House Republicans today opened the public process of passing a tax cut package that’s fashioned after Governor Kim Reynolds’ proposal. Representative Peter Cownie, a Republican from West Des Moines, has been given the task of guiding the bill through the House. He indicated a committee vote on the bill wouldn’t happen until after March 16.

“I believe that will give good time to take input from Iowans, stakeholders, constituents and legislators,” Cownie said.

The first hearing on the House plan started about 15 hours after Republicans in the Iowa Senate passed their own tax bill. Drew Klein of Americans for Prosperity urged House members to pass “thoughtful and meaningful” tax relief.

“There’s more than one tax proposal moving in this building right now and, at some point, you guys are going to come together with your colleagues on the other side of the building and start to iron these things out,” Klein said.

The House plan, modeled after the governor’s, would cut personal income taxes by about $300 million a year when fully implemented. The Senate plan calls for reducing corporate taxes, too, and would amount to a billion dollars in total tax cuts per year. Business groups are lobbying the House to consider cutting corporate taxes. Jennifer Kingland, a lobbyist for the Iowa Taxpayers, mentioned the U.S. News and World Report ranking released this week.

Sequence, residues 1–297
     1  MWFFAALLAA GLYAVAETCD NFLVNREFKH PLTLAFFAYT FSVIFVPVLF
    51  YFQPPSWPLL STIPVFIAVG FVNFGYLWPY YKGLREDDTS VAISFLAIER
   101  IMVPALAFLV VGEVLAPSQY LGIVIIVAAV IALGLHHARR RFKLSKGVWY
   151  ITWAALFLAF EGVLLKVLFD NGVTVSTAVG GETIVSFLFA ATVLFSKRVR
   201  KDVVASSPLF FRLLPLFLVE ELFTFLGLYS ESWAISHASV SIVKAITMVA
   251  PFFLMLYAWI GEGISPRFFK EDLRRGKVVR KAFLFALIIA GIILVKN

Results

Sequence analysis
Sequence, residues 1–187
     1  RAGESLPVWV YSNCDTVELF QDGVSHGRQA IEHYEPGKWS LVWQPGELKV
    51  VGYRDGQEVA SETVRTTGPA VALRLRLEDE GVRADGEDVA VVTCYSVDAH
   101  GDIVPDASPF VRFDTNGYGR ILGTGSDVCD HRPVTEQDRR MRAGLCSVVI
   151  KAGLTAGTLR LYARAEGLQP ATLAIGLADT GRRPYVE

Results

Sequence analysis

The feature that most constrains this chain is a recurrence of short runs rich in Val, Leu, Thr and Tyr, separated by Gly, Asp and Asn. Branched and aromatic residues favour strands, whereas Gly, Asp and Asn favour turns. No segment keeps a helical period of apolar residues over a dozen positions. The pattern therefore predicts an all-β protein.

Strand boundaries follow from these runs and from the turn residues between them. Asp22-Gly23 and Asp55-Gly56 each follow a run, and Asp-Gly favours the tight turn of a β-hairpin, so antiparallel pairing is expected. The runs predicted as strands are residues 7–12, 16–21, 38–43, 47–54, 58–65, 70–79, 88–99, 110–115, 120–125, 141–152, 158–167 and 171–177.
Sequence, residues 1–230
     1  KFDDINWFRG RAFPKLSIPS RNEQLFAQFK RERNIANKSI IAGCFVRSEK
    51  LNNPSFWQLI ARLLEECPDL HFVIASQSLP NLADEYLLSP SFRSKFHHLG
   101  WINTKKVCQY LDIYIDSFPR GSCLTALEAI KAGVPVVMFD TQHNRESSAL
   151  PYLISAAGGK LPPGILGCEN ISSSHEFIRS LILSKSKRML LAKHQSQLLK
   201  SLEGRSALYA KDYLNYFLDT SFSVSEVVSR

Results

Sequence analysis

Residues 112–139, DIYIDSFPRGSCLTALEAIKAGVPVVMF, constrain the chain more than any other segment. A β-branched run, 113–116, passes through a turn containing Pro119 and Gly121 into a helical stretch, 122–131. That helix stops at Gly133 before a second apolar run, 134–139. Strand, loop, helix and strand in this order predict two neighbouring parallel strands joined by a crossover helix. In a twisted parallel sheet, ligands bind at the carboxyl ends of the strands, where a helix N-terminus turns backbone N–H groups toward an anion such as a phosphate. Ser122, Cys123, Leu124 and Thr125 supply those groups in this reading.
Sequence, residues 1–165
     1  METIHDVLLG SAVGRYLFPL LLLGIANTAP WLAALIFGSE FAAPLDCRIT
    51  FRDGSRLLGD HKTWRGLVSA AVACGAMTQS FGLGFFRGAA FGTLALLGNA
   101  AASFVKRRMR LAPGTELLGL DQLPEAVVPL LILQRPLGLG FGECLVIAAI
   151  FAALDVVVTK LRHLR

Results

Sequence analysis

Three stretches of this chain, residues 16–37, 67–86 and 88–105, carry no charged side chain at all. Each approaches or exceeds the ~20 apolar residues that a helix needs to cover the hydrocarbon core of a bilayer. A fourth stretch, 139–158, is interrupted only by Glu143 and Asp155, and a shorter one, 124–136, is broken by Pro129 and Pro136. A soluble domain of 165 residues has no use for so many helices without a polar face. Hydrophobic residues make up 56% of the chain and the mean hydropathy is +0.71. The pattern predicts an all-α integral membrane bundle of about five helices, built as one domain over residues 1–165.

“Iowa had the great honor of being named the number one state in the nation and we can’t help but also think we are number one in corporate income tax as well,” Kingland said during today’s hearing, “which is not a good thing.”

Iowa Chamber Alliance executive director John Stineman said it’s not just big corporations, but small businesses organized as corporations that would benefit.

“We’re hopeful that we can include them in this conversation and find a way to mutually achieve our objectives there,” Stineman said, “but we believe this bill’s a great start.”

Groups representing teachers and unions registered their opposition to the tax cut plan, suggesting the state will be unable to meet its financial obligations and be forced to make drastic cuts in services.